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Hi, just a quickie, I'm off down through France (St.Malo) to the Pyrenees at the start of May, it will be my first time riding abroad so are there any pointers/hints/tips?
We'll be traveling down on a sunday and I have heard that fuel could be a problem 'cos of shut petrol stations? Our bikes should have 150-175 mile ranges. What about m/way services, are they more like over here, 24hr places?
Do bikes have to have headlight beam adjusters, haven't found any reference to them?
What about strapping bikes down on the ferry, are the straps provided big nasty truck straps or are bikes well catered for?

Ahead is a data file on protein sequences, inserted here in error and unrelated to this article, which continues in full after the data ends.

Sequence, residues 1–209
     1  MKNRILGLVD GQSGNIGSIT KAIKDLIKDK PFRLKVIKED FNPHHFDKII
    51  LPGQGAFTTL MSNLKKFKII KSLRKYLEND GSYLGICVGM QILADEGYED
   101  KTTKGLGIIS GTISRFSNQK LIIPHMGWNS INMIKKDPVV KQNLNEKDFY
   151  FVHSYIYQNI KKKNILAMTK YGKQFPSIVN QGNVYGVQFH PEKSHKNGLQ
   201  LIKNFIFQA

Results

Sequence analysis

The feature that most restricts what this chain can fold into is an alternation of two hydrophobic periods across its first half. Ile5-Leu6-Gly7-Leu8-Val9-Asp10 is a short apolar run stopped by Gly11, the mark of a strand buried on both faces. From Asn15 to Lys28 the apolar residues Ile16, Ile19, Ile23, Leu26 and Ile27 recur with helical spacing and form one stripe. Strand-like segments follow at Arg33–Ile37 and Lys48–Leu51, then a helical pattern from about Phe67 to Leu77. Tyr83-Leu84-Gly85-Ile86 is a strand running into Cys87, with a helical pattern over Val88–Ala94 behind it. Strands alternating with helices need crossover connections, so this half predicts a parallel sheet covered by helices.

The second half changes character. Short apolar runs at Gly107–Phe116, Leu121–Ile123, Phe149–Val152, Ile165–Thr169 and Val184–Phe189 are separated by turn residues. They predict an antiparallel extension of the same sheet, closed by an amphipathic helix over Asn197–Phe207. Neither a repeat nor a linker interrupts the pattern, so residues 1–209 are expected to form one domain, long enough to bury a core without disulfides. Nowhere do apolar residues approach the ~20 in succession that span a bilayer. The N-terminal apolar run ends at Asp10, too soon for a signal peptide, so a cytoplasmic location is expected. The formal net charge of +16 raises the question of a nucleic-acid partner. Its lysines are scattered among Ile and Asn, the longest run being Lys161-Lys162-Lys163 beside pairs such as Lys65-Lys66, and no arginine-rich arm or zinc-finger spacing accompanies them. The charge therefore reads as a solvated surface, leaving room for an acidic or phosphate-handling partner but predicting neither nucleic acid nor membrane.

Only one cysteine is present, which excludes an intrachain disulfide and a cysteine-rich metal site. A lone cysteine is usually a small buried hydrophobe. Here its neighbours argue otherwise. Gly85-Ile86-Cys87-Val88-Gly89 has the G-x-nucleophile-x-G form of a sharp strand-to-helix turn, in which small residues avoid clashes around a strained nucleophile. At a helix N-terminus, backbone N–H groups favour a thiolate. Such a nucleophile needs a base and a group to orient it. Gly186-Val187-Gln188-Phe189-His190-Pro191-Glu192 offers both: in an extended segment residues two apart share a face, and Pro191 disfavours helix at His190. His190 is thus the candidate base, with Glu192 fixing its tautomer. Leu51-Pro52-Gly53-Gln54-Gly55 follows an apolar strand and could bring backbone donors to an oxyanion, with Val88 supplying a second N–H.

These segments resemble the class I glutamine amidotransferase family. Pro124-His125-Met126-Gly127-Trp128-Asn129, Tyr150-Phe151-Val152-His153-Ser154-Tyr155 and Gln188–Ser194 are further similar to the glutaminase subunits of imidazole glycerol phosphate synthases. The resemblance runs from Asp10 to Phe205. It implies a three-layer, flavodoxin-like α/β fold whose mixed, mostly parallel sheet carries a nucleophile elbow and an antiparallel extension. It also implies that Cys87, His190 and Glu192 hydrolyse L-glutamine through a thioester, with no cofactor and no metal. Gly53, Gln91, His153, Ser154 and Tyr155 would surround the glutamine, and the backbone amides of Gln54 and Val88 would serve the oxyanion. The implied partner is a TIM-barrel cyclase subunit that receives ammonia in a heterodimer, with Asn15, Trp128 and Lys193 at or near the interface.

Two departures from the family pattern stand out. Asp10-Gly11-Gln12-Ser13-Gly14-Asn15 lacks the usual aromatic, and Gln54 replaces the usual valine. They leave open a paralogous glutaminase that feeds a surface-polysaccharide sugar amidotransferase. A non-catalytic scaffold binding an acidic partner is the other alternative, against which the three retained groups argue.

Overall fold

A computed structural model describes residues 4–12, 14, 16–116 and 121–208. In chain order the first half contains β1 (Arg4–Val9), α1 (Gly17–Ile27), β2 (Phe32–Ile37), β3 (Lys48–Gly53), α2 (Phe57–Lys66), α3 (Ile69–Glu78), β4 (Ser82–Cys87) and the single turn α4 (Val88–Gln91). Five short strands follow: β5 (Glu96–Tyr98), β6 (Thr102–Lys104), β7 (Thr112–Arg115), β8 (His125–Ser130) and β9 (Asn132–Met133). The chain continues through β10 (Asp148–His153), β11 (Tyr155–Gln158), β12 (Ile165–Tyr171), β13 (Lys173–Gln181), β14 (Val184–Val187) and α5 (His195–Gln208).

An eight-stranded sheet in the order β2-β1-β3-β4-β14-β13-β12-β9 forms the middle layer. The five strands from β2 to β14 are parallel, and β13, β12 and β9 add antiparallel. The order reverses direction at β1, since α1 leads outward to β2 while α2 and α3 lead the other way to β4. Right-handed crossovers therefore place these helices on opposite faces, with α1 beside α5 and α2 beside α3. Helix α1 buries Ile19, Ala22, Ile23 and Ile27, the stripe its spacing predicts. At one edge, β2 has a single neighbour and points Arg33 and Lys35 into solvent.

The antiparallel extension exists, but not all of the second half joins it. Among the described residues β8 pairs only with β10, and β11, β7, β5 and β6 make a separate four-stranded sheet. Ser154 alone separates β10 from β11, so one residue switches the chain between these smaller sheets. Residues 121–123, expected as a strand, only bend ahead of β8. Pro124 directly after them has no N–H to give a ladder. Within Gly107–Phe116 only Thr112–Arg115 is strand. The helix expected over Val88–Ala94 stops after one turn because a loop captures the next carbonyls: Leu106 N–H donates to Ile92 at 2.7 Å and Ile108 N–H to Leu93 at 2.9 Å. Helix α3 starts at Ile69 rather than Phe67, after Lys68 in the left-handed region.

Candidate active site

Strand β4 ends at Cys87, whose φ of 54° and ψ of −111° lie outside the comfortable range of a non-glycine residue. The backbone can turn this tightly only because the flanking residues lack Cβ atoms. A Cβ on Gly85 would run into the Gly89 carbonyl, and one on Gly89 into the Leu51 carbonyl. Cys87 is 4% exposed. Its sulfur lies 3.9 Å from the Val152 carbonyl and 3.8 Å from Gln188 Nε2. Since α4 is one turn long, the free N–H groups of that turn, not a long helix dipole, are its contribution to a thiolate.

Thanks in advance!
 

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If it's your first time riding on the right side of the road, be especially careful when exiting fuel stations onto empty roads, or overtaking on empty roads. Your natural instinct is to drift back to the left, and this could obviously be fatal, so be really careful.

Getting fuel on Sundays used to be a problem, as most petrol stations were unmanned and you just used to put your credit card in the pump. The problem was most only accepted French cards, but this is not the case any more I think. If you get stuck, the big petrol stations on autoroutes or toll roads are always manned. If you have room to pack a strap to tow a bike, do so.

French bikers are friendly, and will either raise a hand or a leg to say hello. Be good and do the same!